Western and Arab governments, stymied by Russian and Chinese vetoes at the UN, are struggling to find ways to support the fractious Syrian opposition as violence in that country persists.
The Guardian reported Tuesday that the U.S. may be considering an executive order that would authorize covert action against Bashar al-Assad’s increasingly chaotic regime. It is not clear, however, that President Obama would sign such an order. Nor is it certain that covert action would succeed.
“It would leak in an instant and it would be radioactive,” Robert Baer, a former CIA officer in the region told the paper. “They [the Obama administration] have no idea of what to do now.”
Hope for a negotiated end to the conflict, which has claimed thousands of civilian and rebel lives, faded after China joined Russia to veto a Security Council resolution last Saturday. On Tuesday, Russia’s foreign minister touched down in Syria, where he was to meet with al-Assad.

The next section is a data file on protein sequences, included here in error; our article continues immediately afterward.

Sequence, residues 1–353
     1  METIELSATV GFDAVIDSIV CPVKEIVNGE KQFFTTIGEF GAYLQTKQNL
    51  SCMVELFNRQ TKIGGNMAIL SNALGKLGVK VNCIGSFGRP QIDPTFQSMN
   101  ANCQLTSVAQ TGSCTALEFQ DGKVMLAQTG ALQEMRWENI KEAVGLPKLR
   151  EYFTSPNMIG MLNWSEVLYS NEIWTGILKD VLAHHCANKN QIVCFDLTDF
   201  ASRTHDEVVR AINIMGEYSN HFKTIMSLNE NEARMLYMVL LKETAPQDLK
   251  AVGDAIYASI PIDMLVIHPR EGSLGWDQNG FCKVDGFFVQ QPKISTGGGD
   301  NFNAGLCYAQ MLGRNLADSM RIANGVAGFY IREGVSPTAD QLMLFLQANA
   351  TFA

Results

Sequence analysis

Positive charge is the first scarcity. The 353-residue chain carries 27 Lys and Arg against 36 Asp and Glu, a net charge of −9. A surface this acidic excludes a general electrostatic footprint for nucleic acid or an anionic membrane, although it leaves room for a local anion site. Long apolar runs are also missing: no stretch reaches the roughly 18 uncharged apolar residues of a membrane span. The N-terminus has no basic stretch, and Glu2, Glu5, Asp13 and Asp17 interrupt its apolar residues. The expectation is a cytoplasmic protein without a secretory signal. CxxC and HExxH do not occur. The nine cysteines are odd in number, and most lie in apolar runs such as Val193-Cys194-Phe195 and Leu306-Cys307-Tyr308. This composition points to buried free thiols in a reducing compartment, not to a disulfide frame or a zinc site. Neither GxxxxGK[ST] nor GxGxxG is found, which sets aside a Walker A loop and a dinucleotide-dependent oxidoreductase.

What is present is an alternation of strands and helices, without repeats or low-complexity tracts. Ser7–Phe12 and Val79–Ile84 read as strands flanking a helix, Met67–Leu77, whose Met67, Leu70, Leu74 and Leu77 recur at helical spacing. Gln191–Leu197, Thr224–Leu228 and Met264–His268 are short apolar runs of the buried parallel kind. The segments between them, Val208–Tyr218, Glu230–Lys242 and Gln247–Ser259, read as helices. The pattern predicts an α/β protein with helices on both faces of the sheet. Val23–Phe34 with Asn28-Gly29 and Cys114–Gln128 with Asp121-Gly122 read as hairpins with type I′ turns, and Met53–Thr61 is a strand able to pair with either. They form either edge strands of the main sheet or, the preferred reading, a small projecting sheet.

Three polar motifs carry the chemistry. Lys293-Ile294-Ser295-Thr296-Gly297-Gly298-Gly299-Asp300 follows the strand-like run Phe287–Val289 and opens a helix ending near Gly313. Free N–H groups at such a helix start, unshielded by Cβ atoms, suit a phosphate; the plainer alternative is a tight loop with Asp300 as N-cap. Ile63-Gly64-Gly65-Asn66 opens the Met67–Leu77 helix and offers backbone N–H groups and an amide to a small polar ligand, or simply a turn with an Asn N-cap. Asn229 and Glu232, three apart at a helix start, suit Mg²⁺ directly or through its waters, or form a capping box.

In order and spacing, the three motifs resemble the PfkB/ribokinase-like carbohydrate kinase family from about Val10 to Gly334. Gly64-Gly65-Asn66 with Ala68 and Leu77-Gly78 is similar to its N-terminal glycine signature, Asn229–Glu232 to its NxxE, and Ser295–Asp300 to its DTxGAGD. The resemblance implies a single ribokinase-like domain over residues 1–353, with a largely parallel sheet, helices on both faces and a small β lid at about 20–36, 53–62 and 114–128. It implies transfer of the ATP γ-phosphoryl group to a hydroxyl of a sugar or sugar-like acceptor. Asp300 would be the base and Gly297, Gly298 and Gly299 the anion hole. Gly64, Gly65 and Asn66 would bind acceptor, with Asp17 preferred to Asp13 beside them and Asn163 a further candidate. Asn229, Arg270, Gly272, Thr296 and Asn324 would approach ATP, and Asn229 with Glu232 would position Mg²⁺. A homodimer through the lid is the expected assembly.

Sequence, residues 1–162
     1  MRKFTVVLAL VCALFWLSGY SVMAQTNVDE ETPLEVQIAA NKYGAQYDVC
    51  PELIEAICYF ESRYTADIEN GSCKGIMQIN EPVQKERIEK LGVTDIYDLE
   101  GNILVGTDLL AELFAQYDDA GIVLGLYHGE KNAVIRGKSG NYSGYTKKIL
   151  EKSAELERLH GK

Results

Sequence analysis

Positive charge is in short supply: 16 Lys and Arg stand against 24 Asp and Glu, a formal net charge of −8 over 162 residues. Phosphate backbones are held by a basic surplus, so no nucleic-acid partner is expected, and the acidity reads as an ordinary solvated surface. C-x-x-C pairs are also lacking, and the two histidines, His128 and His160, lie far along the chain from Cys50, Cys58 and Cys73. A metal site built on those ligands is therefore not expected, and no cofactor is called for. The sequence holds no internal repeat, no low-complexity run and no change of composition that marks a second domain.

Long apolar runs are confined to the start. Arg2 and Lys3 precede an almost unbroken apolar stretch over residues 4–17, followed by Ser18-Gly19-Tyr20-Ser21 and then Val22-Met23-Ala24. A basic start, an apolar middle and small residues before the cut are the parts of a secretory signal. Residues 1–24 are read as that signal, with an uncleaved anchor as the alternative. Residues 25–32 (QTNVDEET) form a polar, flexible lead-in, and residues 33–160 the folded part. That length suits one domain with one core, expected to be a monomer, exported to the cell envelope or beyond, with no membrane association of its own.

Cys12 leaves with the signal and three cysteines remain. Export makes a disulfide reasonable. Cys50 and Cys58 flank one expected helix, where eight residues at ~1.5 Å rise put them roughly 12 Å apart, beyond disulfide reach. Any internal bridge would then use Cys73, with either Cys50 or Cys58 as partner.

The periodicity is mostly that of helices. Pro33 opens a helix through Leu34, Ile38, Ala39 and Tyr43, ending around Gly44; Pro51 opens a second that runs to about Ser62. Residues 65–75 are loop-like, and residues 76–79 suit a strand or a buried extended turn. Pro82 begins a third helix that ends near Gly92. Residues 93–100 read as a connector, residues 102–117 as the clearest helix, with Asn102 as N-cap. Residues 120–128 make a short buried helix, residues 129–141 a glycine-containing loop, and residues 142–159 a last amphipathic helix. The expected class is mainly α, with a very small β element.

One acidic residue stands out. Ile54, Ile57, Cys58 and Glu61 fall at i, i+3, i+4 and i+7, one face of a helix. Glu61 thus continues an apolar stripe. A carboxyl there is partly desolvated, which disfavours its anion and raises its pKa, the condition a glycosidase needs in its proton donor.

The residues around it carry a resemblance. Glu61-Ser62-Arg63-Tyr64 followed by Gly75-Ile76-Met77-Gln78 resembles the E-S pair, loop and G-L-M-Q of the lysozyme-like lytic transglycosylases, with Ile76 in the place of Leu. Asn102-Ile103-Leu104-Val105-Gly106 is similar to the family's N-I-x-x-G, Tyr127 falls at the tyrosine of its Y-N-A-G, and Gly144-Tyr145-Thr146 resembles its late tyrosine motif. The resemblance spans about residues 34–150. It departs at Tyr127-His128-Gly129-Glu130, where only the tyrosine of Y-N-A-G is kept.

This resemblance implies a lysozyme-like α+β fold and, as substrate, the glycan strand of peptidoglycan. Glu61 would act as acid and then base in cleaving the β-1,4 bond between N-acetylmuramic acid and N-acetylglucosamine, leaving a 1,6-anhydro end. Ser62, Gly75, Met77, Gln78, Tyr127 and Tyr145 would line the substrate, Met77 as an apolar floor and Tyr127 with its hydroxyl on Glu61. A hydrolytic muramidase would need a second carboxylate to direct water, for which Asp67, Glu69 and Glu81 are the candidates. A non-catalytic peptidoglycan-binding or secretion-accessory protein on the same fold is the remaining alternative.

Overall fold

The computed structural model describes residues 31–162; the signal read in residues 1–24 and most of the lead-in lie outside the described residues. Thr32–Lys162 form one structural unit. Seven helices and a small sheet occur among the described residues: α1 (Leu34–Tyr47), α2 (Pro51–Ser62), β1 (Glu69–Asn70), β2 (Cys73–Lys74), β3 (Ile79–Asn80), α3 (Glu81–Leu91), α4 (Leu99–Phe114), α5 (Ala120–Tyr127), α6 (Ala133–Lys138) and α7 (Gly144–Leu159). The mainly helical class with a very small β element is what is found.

At the same time, reports from inside the country say the crackdown on the rebel stronghold of Homs is intensifying. At least 94 people were killed in shelling Monday alone, according to BBC sources. Russian-made tanks have surrounded the city, but an all-out ground assault has not yet commenced.
The U.S. and Britain recalled their ambassadors to Syria this week, part of a diplomatic push that has so far proved ineffectual. Canada is maintaining diplomatic relations with al-Assad’s regime for now. But Prime Minister Stephen Harper is expected to raise the issue of China’s UN veto during this week’s bilateral summit in Beijing.